The Science of Summer

Here on the blog, it’s one of my goals to help you find new and interesting things to read. And now that it’s officially summer, I  know many of you will be looking for great books to take with you on vacation–whether it’s to the beach, the mountains, or anywhere in between.

Last year, I wrote about great nonfiction books to take with you on vacation, and this year I’m also writing about nonfiction. More specifically, this year I’m recommending some awesome, science-inspired books. Many of these are actually audiobooks, which means you can totally read your fun fiction book on the beach and listen to a nonfiction book in the car on the way there! I personally love to listen to books about science because I can absorb whatever information sticks and let the rest of it just sort of wash over me. It’s also really cool to learn about the world we live in. The last official science class I took was in 2010, but I’ve learned so much just from reading and listening to the books I’ve mentioned below.

Five Sure-Fire Science Superstars:

So let’s get started with five science books that I can recommend without hesitation:

A Short History of Nearly Everything by Bill Bryson is probably the most readable, comprehensive science book you can find. I just finished listening to this one a few days ago, and it’s jumped up there on my list of nonfiction favorites. Bryson really does cover just about everything, from the origin of the expression “on cloud nine,” to the Yellowstone super volcano (especially pertinent, since I’m headed out West next week), to geology, chemistry, physics, biology–all of it! If you’ve ever wanted a layman’s introduction to Einstein’s theory of relativity or an overview of plate tectonics, this is the book for you.

I was very impressed with how Bryson organizes the book so that all of the disciplines flow smoothly together without feeling disjointed. He does talk quite a bit about evolution at the beginning and the end of the book, but I found even those sections interesting. Bryson uses words like “fate,” “providence,” and “destiny” in conjunction with “luck,” “chance,” and “randomness,” to explain all of the theories and things we know and don’t know about the origins of life. Sometimes it did feel like he was trying to justify a miracle–like when he explains that one amoeba contains 400 million bits of genetic information in its DNA, which is enough to fill 80 books of 500 pages. That’s an incredible fact, but according to Bryson, “life just wants to be” and therefore it is. This is, in my opinion, a sad way of looking at things. All in all, though, I’d highly recommend Bryson’s book. He does a good job of explaining things using simple examples and funny anecdotes.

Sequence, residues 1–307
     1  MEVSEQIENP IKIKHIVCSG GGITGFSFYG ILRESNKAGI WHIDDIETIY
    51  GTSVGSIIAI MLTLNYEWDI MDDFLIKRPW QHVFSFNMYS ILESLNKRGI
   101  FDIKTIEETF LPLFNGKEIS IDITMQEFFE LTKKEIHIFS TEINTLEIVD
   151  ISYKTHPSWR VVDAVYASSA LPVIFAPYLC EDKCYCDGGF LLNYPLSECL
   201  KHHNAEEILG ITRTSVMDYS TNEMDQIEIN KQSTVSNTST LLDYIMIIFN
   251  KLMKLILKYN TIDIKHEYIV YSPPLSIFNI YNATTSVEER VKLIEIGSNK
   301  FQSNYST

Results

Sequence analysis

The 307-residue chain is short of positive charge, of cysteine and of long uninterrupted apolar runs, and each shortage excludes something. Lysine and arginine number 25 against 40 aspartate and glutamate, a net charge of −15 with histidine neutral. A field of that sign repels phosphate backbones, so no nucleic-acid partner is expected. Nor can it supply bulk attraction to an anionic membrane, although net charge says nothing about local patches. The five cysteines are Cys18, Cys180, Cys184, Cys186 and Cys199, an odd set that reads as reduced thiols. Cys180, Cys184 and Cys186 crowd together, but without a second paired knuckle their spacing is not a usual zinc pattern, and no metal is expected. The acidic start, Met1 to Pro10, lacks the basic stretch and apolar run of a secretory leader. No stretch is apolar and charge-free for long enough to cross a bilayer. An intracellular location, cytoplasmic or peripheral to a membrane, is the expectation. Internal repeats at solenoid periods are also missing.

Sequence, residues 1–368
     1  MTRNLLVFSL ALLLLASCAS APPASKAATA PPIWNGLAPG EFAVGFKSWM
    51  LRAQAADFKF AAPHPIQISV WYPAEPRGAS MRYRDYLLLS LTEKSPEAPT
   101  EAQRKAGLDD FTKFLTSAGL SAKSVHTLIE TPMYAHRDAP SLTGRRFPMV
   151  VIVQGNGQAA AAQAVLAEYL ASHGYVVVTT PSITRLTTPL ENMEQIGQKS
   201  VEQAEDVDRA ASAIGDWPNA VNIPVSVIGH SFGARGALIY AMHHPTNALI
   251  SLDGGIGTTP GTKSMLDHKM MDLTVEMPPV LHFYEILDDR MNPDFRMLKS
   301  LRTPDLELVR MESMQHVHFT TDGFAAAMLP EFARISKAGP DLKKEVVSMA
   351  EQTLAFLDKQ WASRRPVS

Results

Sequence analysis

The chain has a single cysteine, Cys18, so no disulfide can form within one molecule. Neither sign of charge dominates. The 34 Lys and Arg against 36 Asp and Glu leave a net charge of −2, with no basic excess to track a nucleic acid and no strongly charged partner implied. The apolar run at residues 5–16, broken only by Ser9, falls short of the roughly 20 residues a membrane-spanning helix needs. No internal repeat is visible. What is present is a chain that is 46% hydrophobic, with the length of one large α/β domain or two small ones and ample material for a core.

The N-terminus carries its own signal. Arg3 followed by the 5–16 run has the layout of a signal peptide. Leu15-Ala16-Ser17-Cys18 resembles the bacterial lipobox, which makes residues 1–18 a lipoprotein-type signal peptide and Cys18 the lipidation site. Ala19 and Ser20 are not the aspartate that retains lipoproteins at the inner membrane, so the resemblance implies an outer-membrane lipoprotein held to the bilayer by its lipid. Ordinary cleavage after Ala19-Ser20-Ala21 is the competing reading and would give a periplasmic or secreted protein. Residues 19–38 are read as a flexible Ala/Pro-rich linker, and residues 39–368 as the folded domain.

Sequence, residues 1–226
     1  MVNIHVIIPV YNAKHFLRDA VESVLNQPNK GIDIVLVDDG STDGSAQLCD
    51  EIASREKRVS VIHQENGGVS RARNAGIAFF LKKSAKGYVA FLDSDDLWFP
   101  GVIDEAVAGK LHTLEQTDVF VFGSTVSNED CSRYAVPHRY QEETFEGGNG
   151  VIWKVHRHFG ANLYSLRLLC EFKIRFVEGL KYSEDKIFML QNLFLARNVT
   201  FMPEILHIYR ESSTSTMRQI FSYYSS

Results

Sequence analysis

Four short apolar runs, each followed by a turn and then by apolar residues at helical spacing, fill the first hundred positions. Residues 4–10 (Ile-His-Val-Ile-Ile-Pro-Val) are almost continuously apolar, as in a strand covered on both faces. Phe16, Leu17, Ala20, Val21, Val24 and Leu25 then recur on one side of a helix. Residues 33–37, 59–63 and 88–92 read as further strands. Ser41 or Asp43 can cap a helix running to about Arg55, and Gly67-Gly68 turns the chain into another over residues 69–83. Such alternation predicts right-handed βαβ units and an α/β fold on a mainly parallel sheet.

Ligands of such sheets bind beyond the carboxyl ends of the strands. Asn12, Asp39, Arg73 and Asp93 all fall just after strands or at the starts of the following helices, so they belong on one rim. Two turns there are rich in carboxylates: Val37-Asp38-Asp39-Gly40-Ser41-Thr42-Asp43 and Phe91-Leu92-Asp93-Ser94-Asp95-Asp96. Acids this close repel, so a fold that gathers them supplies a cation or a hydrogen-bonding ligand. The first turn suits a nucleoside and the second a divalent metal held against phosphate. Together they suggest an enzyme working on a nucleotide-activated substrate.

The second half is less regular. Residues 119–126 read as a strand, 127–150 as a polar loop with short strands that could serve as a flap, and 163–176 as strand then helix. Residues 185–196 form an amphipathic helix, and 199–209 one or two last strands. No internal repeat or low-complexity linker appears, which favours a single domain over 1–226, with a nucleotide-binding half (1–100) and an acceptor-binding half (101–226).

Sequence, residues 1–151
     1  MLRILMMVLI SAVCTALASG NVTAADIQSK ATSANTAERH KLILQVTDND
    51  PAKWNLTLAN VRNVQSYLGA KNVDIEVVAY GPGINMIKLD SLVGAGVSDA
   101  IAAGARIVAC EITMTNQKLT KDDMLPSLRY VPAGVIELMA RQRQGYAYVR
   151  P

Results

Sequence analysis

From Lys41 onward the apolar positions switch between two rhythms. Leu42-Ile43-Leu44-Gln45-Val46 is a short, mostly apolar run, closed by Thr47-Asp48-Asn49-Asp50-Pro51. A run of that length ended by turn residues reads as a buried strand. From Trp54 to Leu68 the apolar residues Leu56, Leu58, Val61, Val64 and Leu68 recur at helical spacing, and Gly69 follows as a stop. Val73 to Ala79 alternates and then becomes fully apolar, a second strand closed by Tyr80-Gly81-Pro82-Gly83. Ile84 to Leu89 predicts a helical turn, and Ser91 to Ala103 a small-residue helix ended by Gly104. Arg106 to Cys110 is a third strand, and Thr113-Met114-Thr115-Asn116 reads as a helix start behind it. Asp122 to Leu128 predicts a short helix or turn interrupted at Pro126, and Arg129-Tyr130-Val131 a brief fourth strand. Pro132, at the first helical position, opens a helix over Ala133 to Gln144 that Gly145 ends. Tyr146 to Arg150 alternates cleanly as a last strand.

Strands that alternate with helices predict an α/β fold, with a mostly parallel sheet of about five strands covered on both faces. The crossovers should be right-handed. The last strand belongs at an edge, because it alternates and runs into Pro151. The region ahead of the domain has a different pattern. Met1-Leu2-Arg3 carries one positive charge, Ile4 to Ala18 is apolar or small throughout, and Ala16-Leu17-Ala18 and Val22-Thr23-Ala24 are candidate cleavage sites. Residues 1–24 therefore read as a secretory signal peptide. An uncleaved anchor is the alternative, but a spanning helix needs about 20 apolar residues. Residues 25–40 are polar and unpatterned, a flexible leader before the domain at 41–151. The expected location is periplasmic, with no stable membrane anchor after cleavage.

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The Boy Who Harnessed the Wind by William Kamkwamba and Bryan Mealer is an inspiring story about a young boy who brought electricity to his village in Africa. This book shows how technological advances can help people in the poorest parts of the world.

What If? Serious Scientific Answers to Absurd Hypothetical Questions is the most fun book on this list. It’s also an awesome book to listen on Audible. It’s narrated by Will Wheaton, it’s funny, and it’s just plain weird. I do sort of wish I had a hard copy of this one, though, because there are comics and illustrations throughout that you miss out on if you only listen to the book. If you’ve ever wanted to know what would actually happen if all the people in the world stood in one spot and jumped, this is the book for you.

How We Got To Now: Six Innovations that made the Modern World is the first book I ever purchased on Audible, and it was so interesting that I couldn’t press pause. This book is about six seemingly small innovations–glass, cold, sound, and others–that completely changed the world. There’s a companion PBS documentary series that goes along with it, if you’re interested.

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The Radium Girls by Kate Moore is a book I just finished, and I’ve written all about it in this post. Just like The Boy Who Harnessed the Wind and The Immortal Life of Henrietta Lacks, this book combines science with a human interest story. It reads like a novel, and it was a good audiobook option as well.

If none of those strike your fancy, here are some others that I’ve read and would recommend:

Science Books on My Waiting List:

Now that we’ve talked about recommendations, here are a few science-inspired books that I’ve got waiting in the wings:

I’ve already started The Man who Mistook his Wife for a Hat, and while some of the neurology is a little over my head, the clinical stories are interesting. I know that I’m behind the times with Hidden Figures and Thunderstruck, but they’re also on the “To Be Read” pile. Maybe I’ll get through them this summer!

Other Tempting Prospects:

I’m always wandering through bookstores and browsing on Amazon, so I’ve seen a lot of science-inspired books out there that I’d like to read if I ever have the chance. These are just a few of them. I’ve linked to their Amazon pages for easy reference, and I think any of these would also be great Audible options!

Wow, who knew that there would be this many science books grabbing my eye at the bookstore? I hope this post was helpful if you’re looking for ways to fill out the “Book about Science” category on your 2017 Reading Challenge. Even if you’re not participating in the challenge, one thing I’ve learned is that nonfiction books don’t have to be boring, so what’s stopping you? Let me know which of these you’ll be checking out this summer!

Keep Reading,

Sarah

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